Send to

Choose Destination
Kidney Int. 2005 Feb;67(2):613-21.

Defining conditions that lead to the retention of water: the importance of the arterial sodium concentration.

Author information

Renal Division, St. Michael's Hospital, University of Toronto, Toronto, Ontario, Canada.



A water diuresis occurs when a large volume of water is ingested rapidly. Nevertheless, water conservation is required to provide a source of water for evaporative heat dissipation throughout the day. Therefore, the objective was to define conditions that permit the retention of ingested water.


Volunteers collected urine q2h plus an overnight specimen; water loading was conducted after overnight food and water restriction; paired arterialized and venous blood samples were analyzed.


When 20 mL water/kg was consumed in <15 minutes, the peak urine flow rate was 11 +/- 0.6 mL/min. The volume of water retained after water intake stopped, and when the urine was hyperosmolar, correlated directly with the daily excretion of sodium plus potassium (r(2)= 0.63). The plasma sodium concentration (P(Na)) was 4.0 +/- 0.5 mmol/L lower in arterialized than paired venous blood 30 to 40 minutes after water ingestion began (P < 0.01). In preliminary studies, the smallest water load consumed in 15 minutes that would reproducibly cause a water diuresis was defined in each subject. This same acute water load was retained, however, if it contained 150-mmol/L fructose, but not glucose, or if it was consumed slowly (sipping). The arterialized P(Na) was not significantly lower than in paired venous samples when water was sipped.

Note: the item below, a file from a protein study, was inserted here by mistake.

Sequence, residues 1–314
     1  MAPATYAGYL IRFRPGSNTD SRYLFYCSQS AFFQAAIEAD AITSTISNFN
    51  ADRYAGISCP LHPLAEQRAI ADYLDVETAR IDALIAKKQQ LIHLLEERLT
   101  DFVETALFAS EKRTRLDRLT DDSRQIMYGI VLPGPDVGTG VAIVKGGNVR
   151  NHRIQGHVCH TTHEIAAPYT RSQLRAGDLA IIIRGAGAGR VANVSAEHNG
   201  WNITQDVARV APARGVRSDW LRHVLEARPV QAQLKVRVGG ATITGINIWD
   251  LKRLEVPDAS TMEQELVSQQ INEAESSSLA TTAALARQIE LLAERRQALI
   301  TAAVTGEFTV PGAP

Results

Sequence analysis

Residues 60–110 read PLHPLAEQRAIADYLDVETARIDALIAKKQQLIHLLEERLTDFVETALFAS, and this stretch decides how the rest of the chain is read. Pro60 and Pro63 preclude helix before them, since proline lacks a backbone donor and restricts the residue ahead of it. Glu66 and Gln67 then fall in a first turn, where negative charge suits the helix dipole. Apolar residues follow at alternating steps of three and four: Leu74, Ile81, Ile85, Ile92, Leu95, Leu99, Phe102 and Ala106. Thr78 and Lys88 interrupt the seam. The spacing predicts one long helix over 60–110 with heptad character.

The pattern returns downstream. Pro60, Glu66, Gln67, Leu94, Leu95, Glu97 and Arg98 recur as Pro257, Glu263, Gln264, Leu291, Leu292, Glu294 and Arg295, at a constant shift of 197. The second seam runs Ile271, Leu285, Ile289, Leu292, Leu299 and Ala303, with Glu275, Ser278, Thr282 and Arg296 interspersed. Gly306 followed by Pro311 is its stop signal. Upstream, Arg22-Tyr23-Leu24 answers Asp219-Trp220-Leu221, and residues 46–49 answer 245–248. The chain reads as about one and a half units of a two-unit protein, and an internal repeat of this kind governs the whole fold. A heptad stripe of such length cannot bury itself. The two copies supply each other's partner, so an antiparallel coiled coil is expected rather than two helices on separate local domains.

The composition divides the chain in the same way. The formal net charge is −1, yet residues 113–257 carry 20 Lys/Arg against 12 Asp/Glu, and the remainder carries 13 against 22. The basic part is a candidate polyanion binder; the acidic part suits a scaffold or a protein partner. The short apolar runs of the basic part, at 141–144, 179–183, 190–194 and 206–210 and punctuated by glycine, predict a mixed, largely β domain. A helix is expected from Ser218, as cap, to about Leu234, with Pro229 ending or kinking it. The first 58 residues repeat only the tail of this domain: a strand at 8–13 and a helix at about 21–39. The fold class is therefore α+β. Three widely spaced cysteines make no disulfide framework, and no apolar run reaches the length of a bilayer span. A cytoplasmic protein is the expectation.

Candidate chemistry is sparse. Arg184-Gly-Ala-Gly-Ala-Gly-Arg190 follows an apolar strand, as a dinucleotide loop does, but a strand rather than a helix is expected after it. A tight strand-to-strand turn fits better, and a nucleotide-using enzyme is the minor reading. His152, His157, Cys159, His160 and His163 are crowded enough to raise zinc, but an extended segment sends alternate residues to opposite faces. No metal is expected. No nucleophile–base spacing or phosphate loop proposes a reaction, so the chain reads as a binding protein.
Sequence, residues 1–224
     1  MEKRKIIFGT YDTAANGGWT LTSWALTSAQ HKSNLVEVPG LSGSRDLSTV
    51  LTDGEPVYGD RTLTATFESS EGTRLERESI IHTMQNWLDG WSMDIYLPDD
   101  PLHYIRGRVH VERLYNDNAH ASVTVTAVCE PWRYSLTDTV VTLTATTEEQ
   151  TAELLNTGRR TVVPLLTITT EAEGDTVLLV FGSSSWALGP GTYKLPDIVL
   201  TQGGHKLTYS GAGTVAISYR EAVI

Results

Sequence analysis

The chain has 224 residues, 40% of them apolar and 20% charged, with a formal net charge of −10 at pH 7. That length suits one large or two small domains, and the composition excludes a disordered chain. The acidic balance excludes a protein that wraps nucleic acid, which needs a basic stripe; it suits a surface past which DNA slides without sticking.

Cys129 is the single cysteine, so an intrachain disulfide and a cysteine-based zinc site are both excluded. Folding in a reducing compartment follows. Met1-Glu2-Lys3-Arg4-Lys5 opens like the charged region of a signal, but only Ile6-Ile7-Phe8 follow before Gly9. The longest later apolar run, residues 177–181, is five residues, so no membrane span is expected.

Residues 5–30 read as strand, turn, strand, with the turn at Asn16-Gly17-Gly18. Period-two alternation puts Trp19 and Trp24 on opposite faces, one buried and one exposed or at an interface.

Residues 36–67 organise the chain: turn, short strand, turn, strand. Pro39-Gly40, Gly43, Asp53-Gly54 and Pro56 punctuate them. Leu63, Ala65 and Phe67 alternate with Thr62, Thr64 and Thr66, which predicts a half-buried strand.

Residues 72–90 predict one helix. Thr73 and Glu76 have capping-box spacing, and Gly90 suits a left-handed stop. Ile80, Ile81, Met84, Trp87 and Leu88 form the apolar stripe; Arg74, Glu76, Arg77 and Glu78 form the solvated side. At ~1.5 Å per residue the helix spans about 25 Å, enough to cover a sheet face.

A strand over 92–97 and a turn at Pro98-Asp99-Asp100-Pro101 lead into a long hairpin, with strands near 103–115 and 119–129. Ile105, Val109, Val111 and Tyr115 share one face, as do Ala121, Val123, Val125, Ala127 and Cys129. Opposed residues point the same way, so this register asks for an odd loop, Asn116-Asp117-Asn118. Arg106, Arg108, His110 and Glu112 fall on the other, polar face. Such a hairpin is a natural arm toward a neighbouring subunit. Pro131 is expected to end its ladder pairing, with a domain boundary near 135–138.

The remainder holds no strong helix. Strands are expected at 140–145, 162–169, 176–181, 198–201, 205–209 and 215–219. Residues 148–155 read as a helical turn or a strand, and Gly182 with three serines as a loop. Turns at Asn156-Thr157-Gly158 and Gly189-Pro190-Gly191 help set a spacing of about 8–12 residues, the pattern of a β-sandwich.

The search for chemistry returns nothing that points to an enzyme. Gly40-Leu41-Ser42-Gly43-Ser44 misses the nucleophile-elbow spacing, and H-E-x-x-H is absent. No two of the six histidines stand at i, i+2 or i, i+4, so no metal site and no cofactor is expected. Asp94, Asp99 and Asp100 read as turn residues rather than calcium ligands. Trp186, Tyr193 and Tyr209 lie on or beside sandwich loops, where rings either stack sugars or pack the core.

A large fall in arterialized and not venous P(Na) best reflected the signal to induce a water diuresis. Although a very large water load can induce a water diuresis, smaller water loads can be retained for future heat dissipation.

[Indexed for MEDLINE]
Free full text

Supplemental Content

Full text links

Icon for Elsevier Science
Loading ...
Support Center